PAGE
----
Motivation: A large number of new DNA sequences with virtually unknown functions are generated as the Human Genome Project progresses. Therefore, it is essential to develop computer algorithms that can predict the functionality of DNA segments according to their primary sequences, including algorithms that can predict promoters. Although several promoter-predicting algorithms are available, they have high false-positive detections and the rate of promoter detection needs to be improved further. Results: In this research, PromFD, a computer program to recognize vertebrate RNA polymerase II promoters, has been developed. Both vertebrate promoters and non-promoter sequences are used in the analysis. The promoters are obtained from the Eukaryotic Promoter Database. Promoters are divided into a training set and a test set. Non-promoter sequences are obtained from the GenBank sequence databank, and are also divided into a training set and a test set. The first step is to search out, among all possible permutations, patterns of strings 5–10 bp long, that are significantly over-represented in the promoter set. The program also searches IMD (Information Matrix Database) matrices that have a significantly higher presence in the promoter set. The results of the searches are stored in the PromFD database, and the program PromFD scores input DNA sequences according to their content of the database entries. PromFD predicts promoters—their locations and the location of potential TATA boxes, if found. The program can detect 71% of promoters in the training set with a false-positive rate of under 1 in every 13 000 bp, and 47% of promoters in the test set with a false-positive rate of under 1 in every 9800 bp. PromFD uses a new approach and its false-positive identification rate is better compared with other available promoter recognition algorithms. The source code for PromFD is in the ‘c++’ language. Availability: PromFD is available for Unix platforms by anonymous ftp to: beagle. colorado. edu, cd pub, get promFD.tar. A Java version of the program is also available for netscape 2.0, by http: // beagle.colorado.edu/∼chenq. Contact: E-mail: chenq@beagle.colorado.edu.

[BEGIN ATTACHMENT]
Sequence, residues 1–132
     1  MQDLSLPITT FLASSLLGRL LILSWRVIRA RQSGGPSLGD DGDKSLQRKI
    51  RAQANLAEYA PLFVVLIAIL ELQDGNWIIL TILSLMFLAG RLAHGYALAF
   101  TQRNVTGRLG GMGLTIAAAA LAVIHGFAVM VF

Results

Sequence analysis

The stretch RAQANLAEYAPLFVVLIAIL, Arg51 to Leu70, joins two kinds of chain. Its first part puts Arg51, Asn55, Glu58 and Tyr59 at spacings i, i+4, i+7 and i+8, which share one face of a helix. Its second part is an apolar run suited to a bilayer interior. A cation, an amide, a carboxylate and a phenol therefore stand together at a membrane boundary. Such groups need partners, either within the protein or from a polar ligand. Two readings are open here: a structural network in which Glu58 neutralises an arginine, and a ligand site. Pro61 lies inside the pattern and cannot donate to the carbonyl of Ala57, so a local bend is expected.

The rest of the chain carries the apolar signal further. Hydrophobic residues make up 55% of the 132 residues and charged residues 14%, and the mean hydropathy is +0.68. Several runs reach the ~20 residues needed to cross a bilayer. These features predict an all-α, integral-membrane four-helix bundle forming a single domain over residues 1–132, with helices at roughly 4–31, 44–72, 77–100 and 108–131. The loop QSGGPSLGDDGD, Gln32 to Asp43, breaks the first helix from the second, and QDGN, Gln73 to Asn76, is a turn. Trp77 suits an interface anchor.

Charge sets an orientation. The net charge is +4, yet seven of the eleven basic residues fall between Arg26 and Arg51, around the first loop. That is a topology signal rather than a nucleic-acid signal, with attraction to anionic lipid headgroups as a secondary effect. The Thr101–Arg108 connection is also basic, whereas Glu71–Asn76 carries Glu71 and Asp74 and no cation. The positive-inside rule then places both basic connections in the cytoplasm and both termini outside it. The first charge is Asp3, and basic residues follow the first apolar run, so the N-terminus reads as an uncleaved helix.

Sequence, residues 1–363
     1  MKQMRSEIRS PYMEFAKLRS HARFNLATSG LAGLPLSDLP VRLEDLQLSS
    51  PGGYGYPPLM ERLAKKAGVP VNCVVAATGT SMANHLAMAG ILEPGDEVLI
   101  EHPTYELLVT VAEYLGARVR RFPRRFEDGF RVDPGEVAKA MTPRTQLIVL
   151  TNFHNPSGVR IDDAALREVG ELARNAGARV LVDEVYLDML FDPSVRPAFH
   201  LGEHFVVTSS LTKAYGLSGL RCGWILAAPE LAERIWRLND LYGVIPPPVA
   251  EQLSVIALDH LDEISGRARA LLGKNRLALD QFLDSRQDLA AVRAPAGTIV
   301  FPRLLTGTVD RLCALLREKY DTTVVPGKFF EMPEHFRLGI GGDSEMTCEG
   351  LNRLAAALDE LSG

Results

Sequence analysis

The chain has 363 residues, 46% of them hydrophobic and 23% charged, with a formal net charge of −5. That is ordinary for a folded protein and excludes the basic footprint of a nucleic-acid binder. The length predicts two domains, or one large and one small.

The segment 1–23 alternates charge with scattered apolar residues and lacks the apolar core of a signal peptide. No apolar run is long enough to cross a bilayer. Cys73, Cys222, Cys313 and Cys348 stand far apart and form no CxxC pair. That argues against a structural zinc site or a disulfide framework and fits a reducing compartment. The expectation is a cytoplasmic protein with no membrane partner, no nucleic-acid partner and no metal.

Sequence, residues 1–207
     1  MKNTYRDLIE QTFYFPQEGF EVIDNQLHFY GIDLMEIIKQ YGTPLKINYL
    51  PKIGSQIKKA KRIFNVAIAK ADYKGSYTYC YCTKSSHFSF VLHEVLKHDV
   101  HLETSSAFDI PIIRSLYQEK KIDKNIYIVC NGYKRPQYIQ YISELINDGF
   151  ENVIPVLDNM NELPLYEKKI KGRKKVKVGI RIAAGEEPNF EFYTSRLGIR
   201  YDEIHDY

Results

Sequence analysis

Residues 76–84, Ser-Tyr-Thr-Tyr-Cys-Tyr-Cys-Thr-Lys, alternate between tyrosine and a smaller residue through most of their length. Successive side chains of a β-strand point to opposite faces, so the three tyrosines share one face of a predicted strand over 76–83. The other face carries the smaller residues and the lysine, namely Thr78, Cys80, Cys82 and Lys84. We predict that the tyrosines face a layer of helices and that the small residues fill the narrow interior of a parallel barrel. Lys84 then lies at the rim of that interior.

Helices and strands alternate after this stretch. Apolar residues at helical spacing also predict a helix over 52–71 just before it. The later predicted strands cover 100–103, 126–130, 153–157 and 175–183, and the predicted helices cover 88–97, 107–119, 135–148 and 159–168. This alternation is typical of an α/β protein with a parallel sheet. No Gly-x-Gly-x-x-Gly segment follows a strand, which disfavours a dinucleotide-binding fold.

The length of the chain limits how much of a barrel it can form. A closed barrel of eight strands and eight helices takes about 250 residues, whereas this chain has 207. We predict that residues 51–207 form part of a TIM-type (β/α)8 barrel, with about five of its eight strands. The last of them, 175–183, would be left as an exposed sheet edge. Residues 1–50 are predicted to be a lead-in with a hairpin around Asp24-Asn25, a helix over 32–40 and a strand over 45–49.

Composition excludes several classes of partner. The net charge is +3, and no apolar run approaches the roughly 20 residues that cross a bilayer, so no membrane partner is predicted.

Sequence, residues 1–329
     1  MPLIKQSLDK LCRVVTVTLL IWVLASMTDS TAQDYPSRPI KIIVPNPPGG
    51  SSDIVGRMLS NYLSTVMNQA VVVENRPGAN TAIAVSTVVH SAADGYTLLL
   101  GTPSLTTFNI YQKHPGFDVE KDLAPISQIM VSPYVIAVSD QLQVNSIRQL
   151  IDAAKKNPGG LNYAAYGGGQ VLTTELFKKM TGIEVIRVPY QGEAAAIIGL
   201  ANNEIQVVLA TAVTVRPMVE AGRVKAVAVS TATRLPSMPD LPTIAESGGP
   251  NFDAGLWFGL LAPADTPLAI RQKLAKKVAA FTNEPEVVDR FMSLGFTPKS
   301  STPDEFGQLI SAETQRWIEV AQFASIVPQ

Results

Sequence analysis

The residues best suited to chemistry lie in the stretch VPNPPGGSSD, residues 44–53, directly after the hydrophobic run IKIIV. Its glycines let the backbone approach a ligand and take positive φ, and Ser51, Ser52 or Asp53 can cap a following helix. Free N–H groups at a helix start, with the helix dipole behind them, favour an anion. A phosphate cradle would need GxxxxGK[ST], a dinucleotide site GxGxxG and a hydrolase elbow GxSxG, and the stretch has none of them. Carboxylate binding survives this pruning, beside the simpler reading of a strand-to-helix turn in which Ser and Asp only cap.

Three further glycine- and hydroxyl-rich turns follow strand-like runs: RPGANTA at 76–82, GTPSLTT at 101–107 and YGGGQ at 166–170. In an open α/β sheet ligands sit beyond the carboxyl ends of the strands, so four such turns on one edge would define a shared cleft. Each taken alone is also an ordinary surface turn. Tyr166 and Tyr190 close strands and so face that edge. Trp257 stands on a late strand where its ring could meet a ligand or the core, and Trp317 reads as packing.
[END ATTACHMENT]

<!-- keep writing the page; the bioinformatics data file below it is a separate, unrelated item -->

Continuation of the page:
Original languageEnglish
Pages (from-to)29-35
Number of pages7
Issue number1
StatePublished - 1997


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